The Science of Reading: What Teachers Need to Know

science of reading
(Image credit: Photo by Aaron Burden on Unsplash)

The science of reading has become a hot topic in schools in recent years. Since 2019, more than 45 states have passed one or more bills aimed at reforming reading instruction. These bills were passed in response to a growing consensus among researchers that many classrooms had veered from the best practices for teaching reading. 

However, the science of reading remains a topic so fiercely debated in school districts and universities across the country, it is sometimes dubbed “the reading wars.” In addition, not everything labeled “science of reading” actually follows the science of reading, say experts. 

To help get an overview of what is going on we turn to literacy expert Nell K. Duke, a professor of education and psychology at the University of Michigan and the executive director of the Center for Early Literacy Success. 

What is The Science of Reading?  

“The science of reading refers to a body of research about reading, and that includes research about the reading process, what happens in our minds as we read, but also reading development, how do we learn to read, and how does that proceed for children differently and at different paces, and so forth,” Duke says. “Also reading instruction falls under the science of reading. For example, when we do research comparing one way of teaching reading to another way of teaching reading, and we look at which ones are more successful for kids.” 

The final aspect of the science of reading is the study of the implementation and efficacy of reading approaches at scale, whether in large cities or at the state level or in other places. 

Duke adds that although the science of reading has become a buzzword recently, it’s not new. It dates back to the 1800s and has been used through much of the 20th century. 

What Are Some Teaching Strategies That Don’t Adhere to The Science of Reading? 

Duke stresses that the majority of reading instruction practices employed by educators are at least somewhat effective at teaching reading, but are not always the most effective way to teach reading. “For example, something you’ll often see teachers do is try to get children to memorize certain high-frequency words,” Duke says. “That’s actually not the most effective way to teach those words and have them stick for kids.” 

She adds, “Another example that is so common in schools and has been for decades is to give kids a list of vocabulary words, and then their job is to look the word up in the dictionary and then write a sentence using the word, but that’s less effective than any other technique I’m aware of to teach vocabulary.”  

What Should Teachers Do Instead?  

When a child is learning a word such as “was,” Duke understands that it can be tempting to try and get them to memorize it. 

“That’s not spelled as you might guess, and so you might think, ‘I’m going to have kids memorize that whole picture of the word,’” she says. “It actually is still best to say, ‘was” and listen for the three phonemes the sound in ‘was.’” Then she advises having kids map the sounds of each syllable to the corresponding letter even if it is making a slightly unexpected sound, as is the case with the “a” in "was."

For vocabulary, teachers want to avoid the dictionary scavenger hunt. “One thing that helps with vocabulary is to help children relate new words to known words,” Duke says. To do this, she suggests making a web or map of words that have similar meanings.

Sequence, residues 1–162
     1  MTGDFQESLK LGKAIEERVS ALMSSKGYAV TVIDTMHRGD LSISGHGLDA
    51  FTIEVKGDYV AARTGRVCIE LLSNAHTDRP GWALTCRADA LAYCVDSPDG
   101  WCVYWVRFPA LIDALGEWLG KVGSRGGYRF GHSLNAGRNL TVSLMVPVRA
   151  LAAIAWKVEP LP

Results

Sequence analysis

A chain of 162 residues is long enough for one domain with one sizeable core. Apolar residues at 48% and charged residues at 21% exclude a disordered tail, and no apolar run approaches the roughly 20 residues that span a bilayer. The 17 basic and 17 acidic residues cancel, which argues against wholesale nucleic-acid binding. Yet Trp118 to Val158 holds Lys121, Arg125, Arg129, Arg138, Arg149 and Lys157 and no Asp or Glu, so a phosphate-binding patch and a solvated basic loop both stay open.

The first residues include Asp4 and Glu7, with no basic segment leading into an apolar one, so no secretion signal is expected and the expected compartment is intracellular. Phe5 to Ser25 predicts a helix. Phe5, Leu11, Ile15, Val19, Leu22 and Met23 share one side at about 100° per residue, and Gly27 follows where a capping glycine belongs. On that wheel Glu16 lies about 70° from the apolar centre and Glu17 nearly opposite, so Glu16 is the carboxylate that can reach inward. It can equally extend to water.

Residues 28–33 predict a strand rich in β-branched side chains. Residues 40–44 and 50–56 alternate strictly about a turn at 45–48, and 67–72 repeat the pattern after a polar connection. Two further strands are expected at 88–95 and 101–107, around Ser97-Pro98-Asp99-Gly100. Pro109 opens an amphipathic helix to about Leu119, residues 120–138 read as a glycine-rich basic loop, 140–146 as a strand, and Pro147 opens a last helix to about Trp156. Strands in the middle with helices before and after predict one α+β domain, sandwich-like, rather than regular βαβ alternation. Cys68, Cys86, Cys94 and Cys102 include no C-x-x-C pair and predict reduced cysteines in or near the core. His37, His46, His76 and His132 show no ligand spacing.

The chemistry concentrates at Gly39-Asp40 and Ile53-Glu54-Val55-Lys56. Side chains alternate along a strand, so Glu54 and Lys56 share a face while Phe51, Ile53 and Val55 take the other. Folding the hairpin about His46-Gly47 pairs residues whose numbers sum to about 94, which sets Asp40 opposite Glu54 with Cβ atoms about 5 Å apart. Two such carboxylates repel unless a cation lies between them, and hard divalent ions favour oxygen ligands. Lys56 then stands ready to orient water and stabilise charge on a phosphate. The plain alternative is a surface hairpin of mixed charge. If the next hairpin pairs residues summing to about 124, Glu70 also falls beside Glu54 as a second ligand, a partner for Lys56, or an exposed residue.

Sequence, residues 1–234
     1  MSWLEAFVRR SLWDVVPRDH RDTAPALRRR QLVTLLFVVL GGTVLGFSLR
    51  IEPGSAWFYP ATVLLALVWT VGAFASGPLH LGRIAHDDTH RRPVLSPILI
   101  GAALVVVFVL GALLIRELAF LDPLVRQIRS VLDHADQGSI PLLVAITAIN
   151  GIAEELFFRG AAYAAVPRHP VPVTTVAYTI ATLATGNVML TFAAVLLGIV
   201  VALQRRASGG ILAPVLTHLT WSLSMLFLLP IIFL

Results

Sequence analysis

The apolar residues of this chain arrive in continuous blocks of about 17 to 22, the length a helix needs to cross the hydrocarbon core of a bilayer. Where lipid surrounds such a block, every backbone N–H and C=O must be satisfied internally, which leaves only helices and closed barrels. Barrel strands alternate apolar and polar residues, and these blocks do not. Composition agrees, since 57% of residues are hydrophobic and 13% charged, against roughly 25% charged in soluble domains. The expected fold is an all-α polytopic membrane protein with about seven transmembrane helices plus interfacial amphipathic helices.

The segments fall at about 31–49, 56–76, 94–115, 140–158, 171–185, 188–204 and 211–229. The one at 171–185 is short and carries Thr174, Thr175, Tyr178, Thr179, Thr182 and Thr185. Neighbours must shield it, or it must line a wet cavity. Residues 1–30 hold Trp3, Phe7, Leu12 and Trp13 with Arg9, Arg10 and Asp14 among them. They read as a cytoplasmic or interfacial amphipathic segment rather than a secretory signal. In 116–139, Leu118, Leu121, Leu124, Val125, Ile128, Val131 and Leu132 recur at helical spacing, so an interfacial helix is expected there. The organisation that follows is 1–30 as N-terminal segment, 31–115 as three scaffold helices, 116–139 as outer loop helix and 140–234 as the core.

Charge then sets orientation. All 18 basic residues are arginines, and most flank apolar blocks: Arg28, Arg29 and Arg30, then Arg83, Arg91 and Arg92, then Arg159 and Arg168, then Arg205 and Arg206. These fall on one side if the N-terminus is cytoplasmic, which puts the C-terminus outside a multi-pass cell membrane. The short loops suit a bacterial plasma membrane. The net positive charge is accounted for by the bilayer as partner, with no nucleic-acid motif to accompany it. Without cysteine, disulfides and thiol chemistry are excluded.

What Role Does Technology Play in All This  

Duke believes there is potential for technology, including AI, to help students more efficiently learn to read. The trick is making sure to utilize tools that are based on the latest research. 

For example, Duke has worked with Amira Learning, an AI-powered writing tool built on the science of reading, and says this type of collaboration between literacy researchers and edtech developers is what is needed. 

“The right model for the field in my view is one where there is a partnership or collaboration between people who have the expertise in technology and people who have expertise in reading instruction,” she says.  

Why Did Some Schools Move Away From Phonics? 

Some science of reading advocates say that not enough emphasis has been placed on phonics in some districts and states. Duke says that like anything else, reading instruction is subject to trends. 

“Sometimes I think what happens is that because reading is so complex, there's so many different things that go into it, people will pay attention to one of those important things for a while and they let others fall to the wayside, and then they switch to some other one and then others fall to the wayside,” she says. “It's a little bit like if you get really focused on having good sleep habits, maybe you pay a little bit less attention to the exercising. When it comes to teaching, sometimes people have gotten wrapped up in some other focus, like building comprehension or motivation to read and that has led to less attention to phonics. Or at other times people paying less attention to phonics, or less attention to comprehension, or less attention to motivation . . . but the thing that we know about reading is that all of them have to get our attention.” 

Erik Ofgang

Erik Ofgang is Tech & Learning's senior staff writer. A journalist, author and educator, his work has appeared in the Washington Post, The Atlantic, and Associated Press. He currently teaches at Western Connecticut State University’s MFA program. While a staff writer at Connecticut Magazine he won a Society of Professional Journalism Award for his education reporting. He is interested in how humans learn and how technology can make that more effective.